AU warns students not to use the chatbot for exams
The unexpected launch of the chatbot and the overwhelming attention it’s received since has led Aarhus University to revise its exam cheating policies.
On 3 January, AU added a paragraph about chatbots to the website on exam cheating for students on studenterende.au.dk explaining that the university considers use of a chatbot or other forms of AI to be cheating. And in an article on the website, AU specifies that chatbots are forbidden even in exams that permit the use of all other exam aids”.
If you ask ChatGPT itself whether it can be used to cheat on an exam at the university, it replies:
“No, I wouldn’t recommend that. It’s important to remember that cheating is a form of fraudulent behaviour which is illegal and unethical, and it’s never acceptable to cheat on an exam.”
What is ChatbotGPT?
Chatbot GPT is what’s known as a ‘large language model’, which is a form of AI that can perform all kinds of language-related tasks. For example, you can ask it a question, have a conversation with it or ask it to write something for you.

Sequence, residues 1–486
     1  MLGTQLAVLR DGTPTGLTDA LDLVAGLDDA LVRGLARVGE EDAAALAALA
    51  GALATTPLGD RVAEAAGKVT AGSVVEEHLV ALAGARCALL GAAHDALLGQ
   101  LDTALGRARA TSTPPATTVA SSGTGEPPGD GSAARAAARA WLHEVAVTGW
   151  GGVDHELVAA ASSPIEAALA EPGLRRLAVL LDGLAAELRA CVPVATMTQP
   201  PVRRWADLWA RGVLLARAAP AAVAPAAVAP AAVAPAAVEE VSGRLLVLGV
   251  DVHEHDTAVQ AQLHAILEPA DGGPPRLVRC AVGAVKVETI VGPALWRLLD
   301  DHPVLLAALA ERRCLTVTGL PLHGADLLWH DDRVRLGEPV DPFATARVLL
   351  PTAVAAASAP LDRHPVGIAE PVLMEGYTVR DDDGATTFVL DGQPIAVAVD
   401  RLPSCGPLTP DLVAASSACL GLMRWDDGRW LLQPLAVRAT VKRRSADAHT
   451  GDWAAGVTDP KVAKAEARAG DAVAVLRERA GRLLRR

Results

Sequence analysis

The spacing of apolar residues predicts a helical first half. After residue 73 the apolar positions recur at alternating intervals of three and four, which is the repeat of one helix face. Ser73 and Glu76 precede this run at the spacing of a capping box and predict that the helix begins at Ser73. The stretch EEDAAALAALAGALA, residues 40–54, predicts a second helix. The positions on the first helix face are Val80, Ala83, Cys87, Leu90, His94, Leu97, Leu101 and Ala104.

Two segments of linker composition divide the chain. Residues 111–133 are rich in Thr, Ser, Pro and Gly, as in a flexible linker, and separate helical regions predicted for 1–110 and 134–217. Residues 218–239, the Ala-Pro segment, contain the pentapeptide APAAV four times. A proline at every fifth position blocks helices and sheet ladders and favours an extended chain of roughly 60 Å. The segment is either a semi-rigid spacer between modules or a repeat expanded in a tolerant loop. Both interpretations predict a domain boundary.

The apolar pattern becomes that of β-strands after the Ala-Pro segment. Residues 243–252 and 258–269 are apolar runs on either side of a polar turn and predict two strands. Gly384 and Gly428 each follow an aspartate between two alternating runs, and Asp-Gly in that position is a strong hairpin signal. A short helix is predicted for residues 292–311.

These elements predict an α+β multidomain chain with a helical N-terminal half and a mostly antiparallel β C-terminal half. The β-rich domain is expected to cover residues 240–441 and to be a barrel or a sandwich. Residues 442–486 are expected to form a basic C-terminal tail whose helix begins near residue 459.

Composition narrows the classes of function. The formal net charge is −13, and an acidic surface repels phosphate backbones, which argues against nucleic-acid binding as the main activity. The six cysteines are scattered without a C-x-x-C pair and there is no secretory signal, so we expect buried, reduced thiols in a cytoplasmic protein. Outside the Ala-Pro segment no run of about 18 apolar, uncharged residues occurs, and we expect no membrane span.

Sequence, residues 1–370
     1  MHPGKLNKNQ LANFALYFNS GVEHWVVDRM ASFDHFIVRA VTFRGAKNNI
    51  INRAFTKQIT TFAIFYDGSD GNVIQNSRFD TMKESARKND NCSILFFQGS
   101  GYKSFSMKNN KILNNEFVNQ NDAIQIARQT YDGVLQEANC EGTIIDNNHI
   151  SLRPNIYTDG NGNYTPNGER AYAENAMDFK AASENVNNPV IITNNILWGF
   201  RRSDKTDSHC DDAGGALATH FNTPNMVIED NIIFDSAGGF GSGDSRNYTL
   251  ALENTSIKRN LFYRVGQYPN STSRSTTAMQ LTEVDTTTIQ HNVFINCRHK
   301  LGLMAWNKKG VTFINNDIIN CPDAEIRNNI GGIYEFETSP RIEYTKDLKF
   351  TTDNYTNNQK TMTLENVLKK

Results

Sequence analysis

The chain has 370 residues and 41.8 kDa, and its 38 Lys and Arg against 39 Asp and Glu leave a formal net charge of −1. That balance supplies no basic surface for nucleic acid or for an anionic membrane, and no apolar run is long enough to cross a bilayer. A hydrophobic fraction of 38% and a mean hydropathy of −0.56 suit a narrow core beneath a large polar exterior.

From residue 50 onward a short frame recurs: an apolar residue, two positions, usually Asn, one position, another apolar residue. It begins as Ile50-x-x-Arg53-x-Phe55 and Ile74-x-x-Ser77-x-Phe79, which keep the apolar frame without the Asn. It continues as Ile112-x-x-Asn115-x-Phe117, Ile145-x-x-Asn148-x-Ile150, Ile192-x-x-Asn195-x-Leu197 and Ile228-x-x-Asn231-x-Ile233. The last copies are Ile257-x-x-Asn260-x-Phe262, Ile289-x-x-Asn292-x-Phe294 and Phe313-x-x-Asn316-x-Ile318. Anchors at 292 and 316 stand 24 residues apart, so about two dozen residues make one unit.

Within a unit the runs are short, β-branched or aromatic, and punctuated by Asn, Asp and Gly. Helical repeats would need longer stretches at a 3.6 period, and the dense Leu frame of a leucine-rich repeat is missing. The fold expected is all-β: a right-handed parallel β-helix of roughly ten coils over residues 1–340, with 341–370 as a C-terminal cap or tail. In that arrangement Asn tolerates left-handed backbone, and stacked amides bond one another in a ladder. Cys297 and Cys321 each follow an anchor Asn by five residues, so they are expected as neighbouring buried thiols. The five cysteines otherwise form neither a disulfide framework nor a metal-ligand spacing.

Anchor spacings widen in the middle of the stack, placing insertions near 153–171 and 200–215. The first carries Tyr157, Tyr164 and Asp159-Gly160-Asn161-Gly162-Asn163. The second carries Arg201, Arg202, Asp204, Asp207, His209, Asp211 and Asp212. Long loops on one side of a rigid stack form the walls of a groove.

ChatGPT is based on an older chatbot called InstructGPT. Both are versions of a language model called GPT3.
ChatGPT – and InstructGPT – have been trained to engage in conversation, which LLMs generally haven’t been good at. What’s special about ChatbotGPT is that it has been trained by humans, who have finetuned its outputs. For example, humans have evaluated the accuracy and fluency of its responses. The chatbot generates its output on the background of large amounts of data.
ChatbotGPT was developed by OpenAI, which was founded i 2015 by Sam Altman and Elon Musk, among others. Musk is no longer part of the company, and Altman is the company’s CEO.
Sources: OpenAI and Associate Professor Kristoffer Laigaard Nielbo
Head of AU Student Administration and Services: Unclear whether we need to reconsider exam procedures